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Long working hours and stroke among employees in the general workforce of Denmark

Tidsskriftartikel - 2017

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AIMS: A systematic review and meta-analysis have found that long working hours were prospectively associated with an increased risk of overall stroke. The primary aim of the present study was to test if this finding could be reproduced in a sample that has been randomly selected from the general workforce of Denmark. A secondary aim was to estimate the association for haemorrhagic and ischaemic stroke separately.

METHODS: Individual participant data on 20- to 64-year-old employees were drawn from the Danish Labour Force Survey, 1999-2013, and linked to data on socio-economic status (SES), migrations, hospitalisations and deaths from national registers. The participants were followed from the time of the interview until the end of 2014. Poisson regression was used to estimate age-, sex- and SES-adjusted rate ratios for stroke as a function of weekly working hours.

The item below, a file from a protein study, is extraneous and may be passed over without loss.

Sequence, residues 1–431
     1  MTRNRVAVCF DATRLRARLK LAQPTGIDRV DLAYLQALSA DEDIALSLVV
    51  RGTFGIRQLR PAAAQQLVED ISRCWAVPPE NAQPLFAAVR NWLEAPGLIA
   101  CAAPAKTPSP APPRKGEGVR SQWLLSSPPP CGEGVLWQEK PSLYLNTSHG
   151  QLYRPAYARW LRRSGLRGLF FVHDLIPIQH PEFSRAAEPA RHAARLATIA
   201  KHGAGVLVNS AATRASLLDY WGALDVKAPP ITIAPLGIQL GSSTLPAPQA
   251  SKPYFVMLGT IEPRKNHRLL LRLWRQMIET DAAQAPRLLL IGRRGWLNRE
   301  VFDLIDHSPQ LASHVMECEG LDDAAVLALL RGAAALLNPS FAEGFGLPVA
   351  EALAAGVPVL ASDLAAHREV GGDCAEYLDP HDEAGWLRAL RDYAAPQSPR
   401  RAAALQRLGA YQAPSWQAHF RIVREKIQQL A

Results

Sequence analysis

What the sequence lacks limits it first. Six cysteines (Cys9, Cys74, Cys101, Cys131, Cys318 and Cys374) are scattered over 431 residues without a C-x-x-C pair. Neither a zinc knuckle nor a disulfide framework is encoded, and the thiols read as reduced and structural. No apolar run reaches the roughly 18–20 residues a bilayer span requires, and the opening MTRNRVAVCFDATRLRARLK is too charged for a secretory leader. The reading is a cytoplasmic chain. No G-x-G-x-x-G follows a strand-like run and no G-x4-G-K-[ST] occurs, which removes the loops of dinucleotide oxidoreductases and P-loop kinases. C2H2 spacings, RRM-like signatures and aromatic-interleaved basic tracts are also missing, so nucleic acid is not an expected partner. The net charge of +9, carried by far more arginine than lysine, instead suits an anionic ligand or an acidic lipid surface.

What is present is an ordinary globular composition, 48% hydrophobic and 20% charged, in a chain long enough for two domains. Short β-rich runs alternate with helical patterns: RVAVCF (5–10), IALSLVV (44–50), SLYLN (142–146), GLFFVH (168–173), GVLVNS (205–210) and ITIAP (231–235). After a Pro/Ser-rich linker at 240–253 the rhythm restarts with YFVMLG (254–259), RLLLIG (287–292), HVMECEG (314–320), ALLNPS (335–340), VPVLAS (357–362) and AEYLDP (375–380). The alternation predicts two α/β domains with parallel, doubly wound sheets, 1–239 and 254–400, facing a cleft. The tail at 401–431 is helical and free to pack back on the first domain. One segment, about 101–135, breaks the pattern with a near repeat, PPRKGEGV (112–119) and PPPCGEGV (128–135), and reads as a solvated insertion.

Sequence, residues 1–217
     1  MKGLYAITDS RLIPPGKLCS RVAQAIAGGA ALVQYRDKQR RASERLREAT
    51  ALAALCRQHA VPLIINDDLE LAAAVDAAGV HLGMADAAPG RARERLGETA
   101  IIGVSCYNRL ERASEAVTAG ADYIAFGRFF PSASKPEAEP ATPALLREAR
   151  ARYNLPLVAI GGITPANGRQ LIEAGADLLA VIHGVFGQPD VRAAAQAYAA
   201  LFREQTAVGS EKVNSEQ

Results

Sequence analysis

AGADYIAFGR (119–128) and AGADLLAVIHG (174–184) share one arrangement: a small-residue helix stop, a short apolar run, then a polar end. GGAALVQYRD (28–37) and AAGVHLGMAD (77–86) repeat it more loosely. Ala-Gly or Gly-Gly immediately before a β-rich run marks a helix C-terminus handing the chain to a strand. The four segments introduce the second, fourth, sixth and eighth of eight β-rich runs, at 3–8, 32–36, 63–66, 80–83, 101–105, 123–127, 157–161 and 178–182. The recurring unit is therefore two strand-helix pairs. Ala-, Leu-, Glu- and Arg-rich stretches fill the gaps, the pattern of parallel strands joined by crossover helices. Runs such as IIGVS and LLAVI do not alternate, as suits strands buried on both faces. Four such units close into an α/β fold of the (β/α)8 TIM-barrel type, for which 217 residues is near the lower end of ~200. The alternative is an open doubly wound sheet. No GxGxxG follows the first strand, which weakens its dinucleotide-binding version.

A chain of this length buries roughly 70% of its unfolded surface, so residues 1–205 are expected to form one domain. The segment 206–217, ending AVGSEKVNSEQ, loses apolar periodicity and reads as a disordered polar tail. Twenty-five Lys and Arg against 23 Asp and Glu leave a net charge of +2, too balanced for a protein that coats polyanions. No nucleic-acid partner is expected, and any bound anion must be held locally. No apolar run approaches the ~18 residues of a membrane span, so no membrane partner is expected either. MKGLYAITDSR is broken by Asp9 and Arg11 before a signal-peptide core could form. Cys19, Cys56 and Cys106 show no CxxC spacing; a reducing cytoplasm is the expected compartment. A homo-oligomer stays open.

RESULTS: With 35-40 working hours per week as reference, the estimated rate ratios for overall stroke were 0.97 (95% confidence interval (CI) 0.83-1.13) for 41-48 working hours, 1.10 (95% CI 0.86-1.39) for 49-54 working hours and 0.89 (95% CI 0.69-1.16) for ≥55 working hours. The estimated rate ratios per one category increase in working hours were 0.99 (95% CI 0.93-1.06) for overall stroke, 0.96 (95% CI 0.88-1.05) for ischaemic stroke and 1.15 (95% CI 1.02-1.31) for haemorrhagic stroke.

CONCLUSIONS: Our analysis does not support the hypothesis that long working hours are associated with increased rates of overall stroke. It suggests, however, that long working hours might be associated with increased rates of haemorrhagic stroke.

Reference

Hannerz H, Albertsen K, Burr H, Nielsen ML, Garde AH, Larsen AD, Pejtersen JH. Long working hours and stroke among employees in the general workforce of Denmark. Scandinavian Journal of Public Health 2017;46(3):368-374.
doi: 10.1177/1403494817748264

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Arbejdstid, arbejdsulykker og hjertesygdom Working hours, health, wellbeing and participation (WOW)